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MS is a challenging condition from a number of points of view and one with which RehaCom can help.  With MS, the condition can affect insight, attention, memory and planning ability - as well as lead to depression and anxiety that affect the family as well as the individual.  Age of onset varies typically between 20 and 40 and the range and severity of symptoms can vary significantly.  Estimates are that between 25 and 65% of people with MS will have some cognitive issues and these can occur at any point int he disease process.  Occasionally the cognitive issues can occur as the most significant symptom.

Two recent Cochrane Reviews found that cognitive training was found to significantly improve working memory, memory span and visual memory. Cognitive training combined with other neuropsychological rehabilitation methods was found to improve attention, immediate verbal memory and delayed memory.

Despite the need, rehabilitation of cognitive impairments in MS has received very little attention
— National Institute for Health Research (NHS)

Cognitive impairments can occur in all subtypes of the MS and some research suggests differences in the deficits between types but this is not a consistent finding.  Relapsing remitting type is thought to experience more working memory and verbal fluency problems.  The worst effects are thought to be associated with secondary progressive MS.

The cognitive status can be stable or symptoms can progress.  Some research evidence suggests that cognitive symptoms can remit - confusingly, other studies say the opposite.  An MRI scan when available is a good guide - if lesions show improvement on an MRI scan, cognitive symptoms can improve.  It is believed that high, pre-diagnosis IQ may be a protective factor. Males with early evidence of grey matter change visible via MRI scan will have a poorer cognitive prognosis.  There is a positive correlation between symptoms and the total volume of brain matter damaged by lesions.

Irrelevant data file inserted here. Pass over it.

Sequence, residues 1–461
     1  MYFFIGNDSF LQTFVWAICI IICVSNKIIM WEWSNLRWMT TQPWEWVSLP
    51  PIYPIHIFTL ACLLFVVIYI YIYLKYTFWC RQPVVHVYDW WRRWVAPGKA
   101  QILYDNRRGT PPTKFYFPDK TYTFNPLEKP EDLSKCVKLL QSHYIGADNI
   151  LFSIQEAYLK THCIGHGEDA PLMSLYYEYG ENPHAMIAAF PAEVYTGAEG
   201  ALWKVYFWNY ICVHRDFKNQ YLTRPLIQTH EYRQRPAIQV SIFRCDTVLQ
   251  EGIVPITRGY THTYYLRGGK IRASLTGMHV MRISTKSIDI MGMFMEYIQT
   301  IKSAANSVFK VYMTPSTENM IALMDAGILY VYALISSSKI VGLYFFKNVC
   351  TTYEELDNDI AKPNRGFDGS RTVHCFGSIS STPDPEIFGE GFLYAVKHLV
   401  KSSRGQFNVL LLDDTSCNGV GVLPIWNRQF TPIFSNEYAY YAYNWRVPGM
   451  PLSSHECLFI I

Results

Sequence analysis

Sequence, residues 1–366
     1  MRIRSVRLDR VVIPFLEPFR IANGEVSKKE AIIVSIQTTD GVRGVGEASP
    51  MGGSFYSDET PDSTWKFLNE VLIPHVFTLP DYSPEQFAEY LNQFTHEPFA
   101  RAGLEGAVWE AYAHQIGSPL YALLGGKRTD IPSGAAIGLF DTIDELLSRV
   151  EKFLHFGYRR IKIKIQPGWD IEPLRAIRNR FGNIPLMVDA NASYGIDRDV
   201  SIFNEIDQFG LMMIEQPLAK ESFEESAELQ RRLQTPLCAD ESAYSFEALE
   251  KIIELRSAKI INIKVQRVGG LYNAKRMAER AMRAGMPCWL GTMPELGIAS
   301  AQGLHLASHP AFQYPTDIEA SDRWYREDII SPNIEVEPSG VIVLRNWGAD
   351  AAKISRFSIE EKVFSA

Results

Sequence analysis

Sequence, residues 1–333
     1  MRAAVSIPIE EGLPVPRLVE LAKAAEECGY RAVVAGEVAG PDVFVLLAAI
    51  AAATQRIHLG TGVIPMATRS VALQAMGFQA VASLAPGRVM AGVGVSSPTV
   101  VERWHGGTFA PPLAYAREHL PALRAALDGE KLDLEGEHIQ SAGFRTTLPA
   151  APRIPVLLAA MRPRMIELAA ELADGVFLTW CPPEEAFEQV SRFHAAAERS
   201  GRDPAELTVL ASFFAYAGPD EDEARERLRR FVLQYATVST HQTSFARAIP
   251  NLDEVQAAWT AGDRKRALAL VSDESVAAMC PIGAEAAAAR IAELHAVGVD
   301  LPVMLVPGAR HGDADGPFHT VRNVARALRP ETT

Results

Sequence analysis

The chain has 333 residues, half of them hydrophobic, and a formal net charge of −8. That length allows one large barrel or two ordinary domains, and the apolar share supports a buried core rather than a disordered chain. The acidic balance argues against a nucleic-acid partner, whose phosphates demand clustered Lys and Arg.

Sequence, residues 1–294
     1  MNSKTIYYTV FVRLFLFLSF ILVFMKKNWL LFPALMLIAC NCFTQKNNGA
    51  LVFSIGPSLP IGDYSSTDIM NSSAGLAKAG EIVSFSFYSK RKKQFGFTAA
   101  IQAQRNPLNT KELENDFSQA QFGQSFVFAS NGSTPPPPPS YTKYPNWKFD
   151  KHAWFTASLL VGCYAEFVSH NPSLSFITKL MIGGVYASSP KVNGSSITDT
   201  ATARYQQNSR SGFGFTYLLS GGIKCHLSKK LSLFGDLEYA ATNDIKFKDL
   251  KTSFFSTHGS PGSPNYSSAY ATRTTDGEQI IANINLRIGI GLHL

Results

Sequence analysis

Cognitive problems can have a big impact on many aspects of life, relationships, self-esteem and confidence as well as the ability to work.

As this disability is “hidden” the effects may be subtle and perhaps missed because of this.  For example, persons with attention deficits may find it harder to sustain attention and concentration over time. They may find it harder to multi-task or cope with situations that demand divided attention.  We might pick up on these things by observing

  • Can they focus on conversation?
  • Do they seem to lose track of their thoughts or intended actions?
  • Do they report difficulties with reading and following what is happening in TV programmes?
  • Are they easily distracted by noise?

Memory problems are the most commonly reported cognitive symptom. Science suspects that memory problems in MS are thought to be associated with problems of retrieving information rather than deficits with the brain’s ability to encode and then store information.  Persons with MS might have difficulties with

  • working memory - remembering recent events
  • remembering to do things
  • learning new things

However, these persons may have a preserved

  • Long term memory
  • Recognition memory
  • Procedural skills
  • General knowledge

However, learning often is slower and needs more effort in this group.

How would might know if memory is an issue?  We might recognise issues of memory if:-

  • The persons consistently reports forgetting things
  • They forget and miss appointments
  • They cant give a clear medical history
  • They can't recall what was talked about the last time you met
  • They dont know who else is helping them

This note is not intended to be an exhaustive exploration of cognitive difficulties and MS. If you are concerned, as always seek medical help and resist the temptation to self-diagnose.

Condition Specific Information

Traumatic Brain Injury

MS & Cognition

Dementia and RehaCom

Case Studies